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Racism case won by Rastafarian guardsman

A claim of race discrimination and harassment against the Ministry of Defence has been won by a guardsman in the British Army. 

Sixteen years ago Mr Dwight Pile-Grey became one of the first Rastafarian men to achieve guardsman status. He was the first Rastafarian soldier who was permitted to wear his hair in locs.  

Joining the Army at the age of 37, Mr Pile-Grey was a musician with the Royal Corps of Army Music, later taking a role in the Band of Grenadier Guards.

While he was working with the Ministry of Defence Mr Pile-Gray took part in many state occasions, always tying up his hair so that it would fit into his bearskin.

Commenting on when he joined the Army, he stated that he had been under no illusions about what he might enquire about. He was, however, full of optimism.

Mr Pile-Gray said that he was often questioned by other guards about his appearance but he put the questions down to ignorance. Questions like ‘Don’t you smoke drugs? Are you a pacifist? Why are you allowed to wear your hair that way?’ were often asked of him.

He admitted that there were worse situations than those questions, such as the use of offensive words, including the ‘N’ word in his presence, along with racist and derogatory remarks.

Such situations did not stop him from enjoying his job and also rising up the ranks to a lance sergeant.

It was in July 2021, at Wellington Barracks, in central London, when he had a row with two white soldiers at the guardroom to his base.

Talking to the BBC in an interview Mr Pile-Grey stated that he believed his career had ended after a row with a white guard who commented that he did not believe the claimant was a soldier. The guard went on to accuse Mr Pile-Grey of ‘playing the race card.’

The incident took place in July 2021 when the claimant left his barracks in central London after attending a medical appointment. He left his ID card behind and went back to retrieve it wearing civilian clothing, with his locs on display.

On duty was a lance corporal who questioned whether he was in fact a soldier. He commented to the guard room saying that ‘This gentleman thinks he has left his ID inside.’ It was only after someone else recognised him, that Mr Pile-Grey was let back in to collect his ID.

Once inside he changed back into his uniform and returned in a bid to show that he was in fact a soldier. The conversation between the claimant and the lance corporal became heated, with a sergeant saying to him that if he was going to ‘make it a race thing, he was not interested.’

"I was absolutely treated differently because of my appearance," he stated. "I've been doing this a long time and I understand when there is a racial element to an interaction."

Mr Pile-Grey reported the incident to a different office where he was asked if he wanted to make a formal complaint. He suggested mediation instead so he could explain to those involved exactly why he had felt their behaviour was wrong. Ultimately, however, he was told he would be facing disciplinary action instead. He was later given a formal charge of insubordination.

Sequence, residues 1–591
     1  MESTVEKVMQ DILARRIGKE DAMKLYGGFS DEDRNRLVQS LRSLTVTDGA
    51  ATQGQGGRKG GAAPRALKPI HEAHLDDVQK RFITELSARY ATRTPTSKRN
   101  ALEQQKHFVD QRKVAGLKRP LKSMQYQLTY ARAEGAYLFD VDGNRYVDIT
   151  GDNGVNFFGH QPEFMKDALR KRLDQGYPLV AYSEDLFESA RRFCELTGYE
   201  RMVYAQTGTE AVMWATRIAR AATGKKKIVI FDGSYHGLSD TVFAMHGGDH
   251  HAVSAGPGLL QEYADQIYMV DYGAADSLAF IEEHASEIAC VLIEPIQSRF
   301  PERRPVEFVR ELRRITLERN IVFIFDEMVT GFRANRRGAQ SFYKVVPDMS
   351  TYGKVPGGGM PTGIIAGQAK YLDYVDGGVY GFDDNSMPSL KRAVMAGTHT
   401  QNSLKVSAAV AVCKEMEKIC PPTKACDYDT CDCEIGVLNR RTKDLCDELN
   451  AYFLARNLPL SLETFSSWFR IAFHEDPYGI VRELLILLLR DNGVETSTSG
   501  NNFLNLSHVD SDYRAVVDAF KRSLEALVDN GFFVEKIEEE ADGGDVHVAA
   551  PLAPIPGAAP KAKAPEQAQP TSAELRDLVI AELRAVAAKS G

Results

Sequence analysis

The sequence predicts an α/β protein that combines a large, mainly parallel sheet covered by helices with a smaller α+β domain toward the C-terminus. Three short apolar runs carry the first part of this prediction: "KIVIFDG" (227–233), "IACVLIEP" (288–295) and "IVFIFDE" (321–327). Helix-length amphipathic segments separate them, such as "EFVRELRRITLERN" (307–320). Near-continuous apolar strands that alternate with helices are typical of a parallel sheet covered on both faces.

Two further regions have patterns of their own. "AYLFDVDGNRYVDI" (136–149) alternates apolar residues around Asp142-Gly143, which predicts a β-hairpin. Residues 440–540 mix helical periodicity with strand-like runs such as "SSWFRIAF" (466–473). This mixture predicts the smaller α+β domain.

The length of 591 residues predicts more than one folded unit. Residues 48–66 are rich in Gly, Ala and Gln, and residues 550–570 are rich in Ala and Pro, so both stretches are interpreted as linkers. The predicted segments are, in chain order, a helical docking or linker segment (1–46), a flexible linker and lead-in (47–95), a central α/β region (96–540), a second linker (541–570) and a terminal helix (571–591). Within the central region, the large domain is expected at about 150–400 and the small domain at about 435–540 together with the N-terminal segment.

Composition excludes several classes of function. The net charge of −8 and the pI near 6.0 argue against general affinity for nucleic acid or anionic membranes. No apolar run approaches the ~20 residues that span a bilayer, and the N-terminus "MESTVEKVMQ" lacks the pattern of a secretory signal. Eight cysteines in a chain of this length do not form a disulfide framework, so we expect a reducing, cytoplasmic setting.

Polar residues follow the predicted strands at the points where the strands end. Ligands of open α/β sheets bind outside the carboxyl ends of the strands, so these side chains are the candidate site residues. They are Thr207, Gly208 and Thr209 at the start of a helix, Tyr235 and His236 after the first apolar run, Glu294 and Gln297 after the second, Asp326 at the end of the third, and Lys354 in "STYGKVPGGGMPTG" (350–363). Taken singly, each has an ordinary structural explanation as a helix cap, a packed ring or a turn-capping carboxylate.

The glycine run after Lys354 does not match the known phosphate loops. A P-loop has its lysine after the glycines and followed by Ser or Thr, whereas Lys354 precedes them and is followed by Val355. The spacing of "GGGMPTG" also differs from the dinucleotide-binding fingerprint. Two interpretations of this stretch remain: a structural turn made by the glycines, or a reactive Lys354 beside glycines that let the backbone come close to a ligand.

"They had no understanding or concept that what they were actually saying was racist," he says.

Mr Pile-Gray said that this treatment was ‘the straw that broke the camel’s back’ and he did not feel he could continue to work in an organisation that disregarded his welfare and feelings, along with actively making him out to be a bad person.

After being told he would be facing disciplinary action he made a service complaint which was rejected. He then took his case to an employment tribunal.

The case was heard in  October and the London Central Employment Tribunal ruled that the claims for racial harassment, victimisation, and direct race discrimination were successful.

During the interview with the BBC Mr Pile-Grey commented that senior black officers were seldom the subject of racism because it did not exist at top levels because black officers were automatically addressed as ‘Sir.’ However, as black privates, this did not apply, and racism was very common.

Ms Emma Norton, from the Centre for Military Justice acted as Mr Pile-Grey’s legal support. She told the BBC that not only had the chain of command failed to act when they learned of his concerns about racial bias, but they went on to victimise and gas-light him for complaining about it.

Ms Norton stated that the Army's response had fallen ‘woefully short and that they had lost an excellent soldier in the process.’

The MOD does not comment on any individual cases. They did  however, make a statement saying that they did not tolerate bullying, abuse and discrimination of any kind. 

They actively encouraged staff to report unacceptable behaviour. Furthermore, they have introduced measures which would improve working conditions for everyone in the armed forces.

 

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